BOTTLED APPLES

Bottle fresh, crunchy, delicious apples in water, honey, fruit juice or syrup to enjoy all year long! This recipe can be used for all apples – leave in wedges, rings, slices or diced to your liking so you can open a jar and eat them immediately from the jar, perhaps with some yoghurt and granola or in pies and baked items.
   
Ingredients for BOTTLED APPLES

Yield: 1L
(2 x pints)
Yield: 4.5L
(9 x pints)
Yield: 7L
(7 x quarts)
Apples
1.2kg (2 3/4 pounds)
5.4kg (12 pounds)
8.6kg (19 pounds)
Syrup, Water
or Juice
(see Syrup Chart – very light, light or medium syrup, or honey solution,
or use water, white grape juice or apple juice)
Plus 3g (1 teaspoon) ascorbic acid powder (or crush 6 x 500-milligram vitamin c tablets)
or a squeeze of lemon juice, dissolved in 4 litres of cold water
to prevent oxidation during fruit preparation.
   
METHOD: 
1. Sterilise all equipment by washing in hot soapy water and rinsing well before use.
2. Wash apples and drain well. Remove stalks, peels and blemishes. Remove apple cores. Cut apples into halves, wedges, rings, slices or dice as desired. Place prepared apples into ascorbic acid solution (or lemon juice water) to prevent discolouration then prepare the remainder of the fruit.
3. Prepare syrup according to chart quantities. Heat on medium until the sugar has dissolved. Bring syrup to a boil then remove from heat.  
4. Cover jars with water and bring to a boil, boiling for 10 minutes. Once the time is up, turn the heat off and leave jars in the hot water until ready to fill.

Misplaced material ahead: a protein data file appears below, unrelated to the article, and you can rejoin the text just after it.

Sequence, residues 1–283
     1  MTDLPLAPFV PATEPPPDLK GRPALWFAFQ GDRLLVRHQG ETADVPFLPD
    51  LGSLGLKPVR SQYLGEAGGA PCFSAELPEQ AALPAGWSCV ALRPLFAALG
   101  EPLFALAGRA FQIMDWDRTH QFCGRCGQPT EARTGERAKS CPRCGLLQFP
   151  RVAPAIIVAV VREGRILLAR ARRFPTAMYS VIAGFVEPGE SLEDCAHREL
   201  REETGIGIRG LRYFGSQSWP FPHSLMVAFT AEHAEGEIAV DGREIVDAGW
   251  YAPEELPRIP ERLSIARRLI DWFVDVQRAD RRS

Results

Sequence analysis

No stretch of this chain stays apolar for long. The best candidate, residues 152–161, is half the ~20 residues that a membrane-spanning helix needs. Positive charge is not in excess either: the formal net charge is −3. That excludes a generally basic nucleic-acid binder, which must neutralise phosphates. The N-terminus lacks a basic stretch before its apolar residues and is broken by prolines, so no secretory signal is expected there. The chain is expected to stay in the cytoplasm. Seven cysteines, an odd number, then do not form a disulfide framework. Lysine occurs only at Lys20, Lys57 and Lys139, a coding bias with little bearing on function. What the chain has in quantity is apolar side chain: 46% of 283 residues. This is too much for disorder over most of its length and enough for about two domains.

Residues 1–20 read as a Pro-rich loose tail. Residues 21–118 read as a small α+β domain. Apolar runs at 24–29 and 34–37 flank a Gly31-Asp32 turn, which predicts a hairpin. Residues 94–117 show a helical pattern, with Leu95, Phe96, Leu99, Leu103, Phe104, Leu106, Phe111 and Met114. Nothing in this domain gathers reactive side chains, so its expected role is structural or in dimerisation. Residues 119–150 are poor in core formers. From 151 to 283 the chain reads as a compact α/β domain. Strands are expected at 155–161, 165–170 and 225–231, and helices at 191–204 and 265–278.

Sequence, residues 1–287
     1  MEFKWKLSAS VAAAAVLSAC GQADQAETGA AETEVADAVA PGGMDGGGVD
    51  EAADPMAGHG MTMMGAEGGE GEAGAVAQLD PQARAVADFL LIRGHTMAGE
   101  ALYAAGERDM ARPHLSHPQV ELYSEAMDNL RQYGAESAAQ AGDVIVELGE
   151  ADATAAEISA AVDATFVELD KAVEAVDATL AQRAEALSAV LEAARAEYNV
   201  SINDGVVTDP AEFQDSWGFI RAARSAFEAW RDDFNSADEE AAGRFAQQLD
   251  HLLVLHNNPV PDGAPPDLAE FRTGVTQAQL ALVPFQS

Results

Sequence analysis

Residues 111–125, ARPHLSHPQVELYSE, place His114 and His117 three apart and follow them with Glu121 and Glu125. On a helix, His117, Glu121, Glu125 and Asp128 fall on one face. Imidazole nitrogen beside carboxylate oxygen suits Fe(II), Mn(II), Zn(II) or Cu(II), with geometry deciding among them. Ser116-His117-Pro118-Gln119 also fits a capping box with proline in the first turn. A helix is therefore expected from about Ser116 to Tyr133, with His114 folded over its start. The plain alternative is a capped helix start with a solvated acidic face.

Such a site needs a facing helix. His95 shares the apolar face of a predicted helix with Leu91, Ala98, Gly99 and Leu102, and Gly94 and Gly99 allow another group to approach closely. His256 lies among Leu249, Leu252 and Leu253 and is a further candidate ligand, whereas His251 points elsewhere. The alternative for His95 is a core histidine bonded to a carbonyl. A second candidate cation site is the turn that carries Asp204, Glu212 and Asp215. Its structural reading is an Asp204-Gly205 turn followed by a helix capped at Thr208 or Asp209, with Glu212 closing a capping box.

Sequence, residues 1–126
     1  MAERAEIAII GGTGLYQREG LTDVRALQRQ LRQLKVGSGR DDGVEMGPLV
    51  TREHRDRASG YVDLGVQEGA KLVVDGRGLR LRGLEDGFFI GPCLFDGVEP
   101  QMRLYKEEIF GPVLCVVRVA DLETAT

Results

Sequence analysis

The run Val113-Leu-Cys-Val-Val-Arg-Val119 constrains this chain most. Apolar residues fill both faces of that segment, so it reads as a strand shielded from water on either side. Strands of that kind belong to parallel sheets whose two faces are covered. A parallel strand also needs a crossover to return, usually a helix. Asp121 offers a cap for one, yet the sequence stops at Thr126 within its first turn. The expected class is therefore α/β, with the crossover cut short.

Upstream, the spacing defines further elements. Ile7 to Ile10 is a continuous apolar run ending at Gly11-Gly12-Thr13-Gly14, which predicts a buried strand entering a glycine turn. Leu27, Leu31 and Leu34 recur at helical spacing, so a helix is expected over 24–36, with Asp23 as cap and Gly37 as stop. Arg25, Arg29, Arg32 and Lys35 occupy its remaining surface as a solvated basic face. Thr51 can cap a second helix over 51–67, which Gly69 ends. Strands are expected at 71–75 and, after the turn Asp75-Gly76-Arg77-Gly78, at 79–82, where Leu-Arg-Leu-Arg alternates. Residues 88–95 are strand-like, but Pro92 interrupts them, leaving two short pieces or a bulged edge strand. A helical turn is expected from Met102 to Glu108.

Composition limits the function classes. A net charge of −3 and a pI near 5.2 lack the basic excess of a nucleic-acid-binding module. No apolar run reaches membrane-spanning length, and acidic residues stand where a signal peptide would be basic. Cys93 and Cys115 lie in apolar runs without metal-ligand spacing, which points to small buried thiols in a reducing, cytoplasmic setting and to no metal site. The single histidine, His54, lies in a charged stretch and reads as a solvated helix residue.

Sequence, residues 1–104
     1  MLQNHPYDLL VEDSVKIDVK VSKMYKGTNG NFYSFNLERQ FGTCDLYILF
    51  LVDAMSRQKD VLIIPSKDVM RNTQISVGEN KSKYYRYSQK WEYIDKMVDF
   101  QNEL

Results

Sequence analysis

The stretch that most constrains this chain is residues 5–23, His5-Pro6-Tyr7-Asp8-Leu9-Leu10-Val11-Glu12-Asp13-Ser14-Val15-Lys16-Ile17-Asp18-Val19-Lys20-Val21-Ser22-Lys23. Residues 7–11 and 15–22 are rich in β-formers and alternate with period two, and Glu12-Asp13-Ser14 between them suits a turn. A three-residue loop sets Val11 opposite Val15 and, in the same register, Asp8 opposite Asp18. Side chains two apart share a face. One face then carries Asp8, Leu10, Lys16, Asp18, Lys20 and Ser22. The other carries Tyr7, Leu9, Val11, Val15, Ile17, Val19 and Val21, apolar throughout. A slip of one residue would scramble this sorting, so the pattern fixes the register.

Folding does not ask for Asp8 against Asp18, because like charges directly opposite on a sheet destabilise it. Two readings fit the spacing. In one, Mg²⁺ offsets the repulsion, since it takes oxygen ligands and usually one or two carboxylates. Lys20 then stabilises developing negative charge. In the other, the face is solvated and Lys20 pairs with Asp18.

5. Place lids into a bowl of boiled water. Remove the lids from the water when you are ready to place them onto the jars to seal.  
6. Drain fruit, place into pot with syrup, water or juice and simmer gently for around 5 minutes. Strain apples and set aside. Keep fruit hot. Repeat with remaining fruit. Fill each jar with hot fruit and hot liquid to 1cm (1/2 inch) headspace, layering the hot fruit to pack jars well.
7. Using a non-metal utensil, remove any air pockets and add more hot liquid if required.
8. Wipe rims with a clean, damp cloth to remove any food residue.
9. Add pre-warmed lids and twist to secure.
10.  Place sealed jars into a pot of boiling water and boil for the processing time stated below. Start the timer once the water comes to a full boil.
11.  Turn off the heat source once the time is up. Remove jars from hot water after 5 more minutes. Cool jars overnight on a heatproof surface. Do not adjust lids during this time.
12.  The next day, check jars have sealed before labelling and dating.
13.  Store jars of bottled apples in a cool, dark and dry place for up to 12 months.
14.  Refrigerate jars upon opening and consume contents within 5-7 days.
   
Syrup Chart for BOTTLED APPLES
Syrup
Sugar %
Yield: 1L
(2 x pints)
Yield: 4.5L
 (9 x pints)
Yield: 7L
 (7 x quarts)
Very Light
10%
1 1/2 cups water
3 tablespoons sugar
6 1/2 cups water
3/4 cup sugar
10 1/2 cups water
1 1/4 cups sugar
Light
20%
1 1/3 cups water
1/4 cup
sugar
5 3/4 cups water
1 1/2 cups
sugar
9 cups water
2 1/2 cups sugar
Medium
30%
1 1/4 cups water
1/2 cup
sugar
5 1/4 cups water
2 1/4 cups sugar
8 1/4 cups water
3 3/4 cups sugar
Honey